Morning Futures Roundup
Gasoline Bulls in the Driver's Seat Going into the Summer
Gasoline futures continue to hover near their highest levels of 2009, as higher Oil prices and lower refinery operating rates have some traders looking at tighter supplies as summer approaches. Poor operating margins have provided little incentive for refiners to ramp-up production so far this year.
In addition, weak domestic demand due to the continued economic slump has curtailed Gasoline imports -- especially from Europe. However, some analysts believe that the recent price rise has about run its course. Gasoline bears cite more refineries coming out of seasonal maintenance period, which should bring more production back online. Also, there is no sign that U.S. gasoline demand will improve greatly, as the Energy Information Administration announced that gasoline use had fallen by 1.2% during the 4-week period ending on May 8th.
The Memorial Day holiday has been seen as the start of the peak summer driving season in the U.S., and there is much debate regarding whether gasoline demand will climb as consumers lean towards longer weekend driving vacations closer to home, or whether they will postpone vacations entirely. How this plays out could help determine the direction of Gasoline prices going into the 3rd quarter of 2009.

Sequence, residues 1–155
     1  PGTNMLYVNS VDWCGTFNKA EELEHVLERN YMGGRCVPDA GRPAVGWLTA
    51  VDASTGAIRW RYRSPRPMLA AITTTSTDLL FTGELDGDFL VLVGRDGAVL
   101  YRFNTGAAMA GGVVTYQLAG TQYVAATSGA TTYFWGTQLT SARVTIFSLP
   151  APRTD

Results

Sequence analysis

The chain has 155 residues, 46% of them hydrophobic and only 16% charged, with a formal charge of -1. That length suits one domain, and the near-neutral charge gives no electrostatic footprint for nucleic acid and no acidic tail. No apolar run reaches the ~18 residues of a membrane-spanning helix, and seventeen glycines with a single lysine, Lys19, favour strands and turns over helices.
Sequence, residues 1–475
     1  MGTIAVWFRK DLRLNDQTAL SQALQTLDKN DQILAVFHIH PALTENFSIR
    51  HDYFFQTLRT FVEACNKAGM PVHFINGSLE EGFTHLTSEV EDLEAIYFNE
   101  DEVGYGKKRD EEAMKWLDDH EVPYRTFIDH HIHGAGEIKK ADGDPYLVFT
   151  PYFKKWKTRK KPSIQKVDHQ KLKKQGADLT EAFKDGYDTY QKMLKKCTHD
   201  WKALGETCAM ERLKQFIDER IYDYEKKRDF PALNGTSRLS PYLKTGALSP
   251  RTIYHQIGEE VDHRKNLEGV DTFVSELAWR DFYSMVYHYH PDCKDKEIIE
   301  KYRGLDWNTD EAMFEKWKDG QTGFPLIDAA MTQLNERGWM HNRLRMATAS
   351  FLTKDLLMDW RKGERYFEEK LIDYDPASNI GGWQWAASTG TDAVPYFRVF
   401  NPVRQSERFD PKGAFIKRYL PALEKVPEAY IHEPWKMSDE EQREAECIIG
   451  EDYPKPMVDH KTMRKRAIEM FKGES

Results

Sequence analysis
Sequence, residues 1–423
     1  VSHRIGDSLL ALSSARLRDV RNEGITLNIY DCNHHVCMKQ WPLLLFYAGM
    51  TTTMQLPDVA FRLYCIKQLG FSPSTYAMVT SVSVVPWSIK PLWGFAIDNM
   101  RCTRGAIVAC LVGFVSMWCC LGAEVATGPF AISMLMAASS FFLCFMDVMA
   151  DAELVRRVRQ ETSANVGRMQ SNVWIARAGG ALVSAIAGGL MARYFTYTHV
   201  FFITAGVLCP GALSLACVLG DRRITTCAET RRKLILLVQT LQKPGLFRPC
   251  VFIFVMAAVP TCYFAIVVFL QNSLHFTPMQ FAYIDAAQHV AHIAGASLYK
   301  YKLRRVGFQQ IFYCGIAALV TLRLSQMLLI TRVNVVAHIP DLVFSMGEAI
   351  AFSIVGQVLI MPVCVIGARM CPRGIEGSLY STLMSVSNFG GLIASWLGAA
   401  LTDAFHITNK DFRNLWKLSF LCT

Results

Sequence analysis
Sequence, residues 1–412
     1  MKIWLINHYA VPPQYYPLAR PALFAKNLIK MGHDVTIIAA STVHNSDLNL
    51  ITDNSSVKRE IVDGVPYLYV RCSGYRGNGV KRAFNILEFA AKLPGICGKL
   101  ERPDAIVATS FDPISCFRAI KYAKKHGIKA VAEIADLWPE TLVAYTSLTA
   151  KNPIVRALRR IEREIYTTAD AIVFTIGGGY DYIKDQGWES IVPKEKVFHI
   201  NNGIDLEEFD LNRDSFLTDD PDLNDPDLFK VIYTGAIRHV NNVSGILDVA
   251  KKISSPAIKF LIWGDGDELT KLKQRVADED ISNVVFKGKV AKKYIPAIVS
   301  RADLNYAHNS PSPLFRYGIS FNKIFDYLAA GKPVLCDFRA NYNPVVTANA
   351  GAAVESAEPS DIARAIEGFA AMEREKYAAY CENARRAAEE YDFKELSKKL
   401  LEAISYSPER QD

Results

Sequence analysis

Near-term, large speculators have voted in favor of higher gasoline prices, with the most recent Commitment of Traders report showing large non-commercial traders net-long 56,375 contracts as of May 12th. This was up just over 5,000 contracts for the week. However, should Gasoline futures prices begin to top, this long position could add further fuel to any sell-off when the long positions are liquidated.
Gasoline inventories are expected to have declined last week, with analysts looking for a draw of 1.4 million barrels ahead of this morning's weekly EIA energy stocks report. This comes after a surprisingly large 4.1 million barrel draw the previous week.
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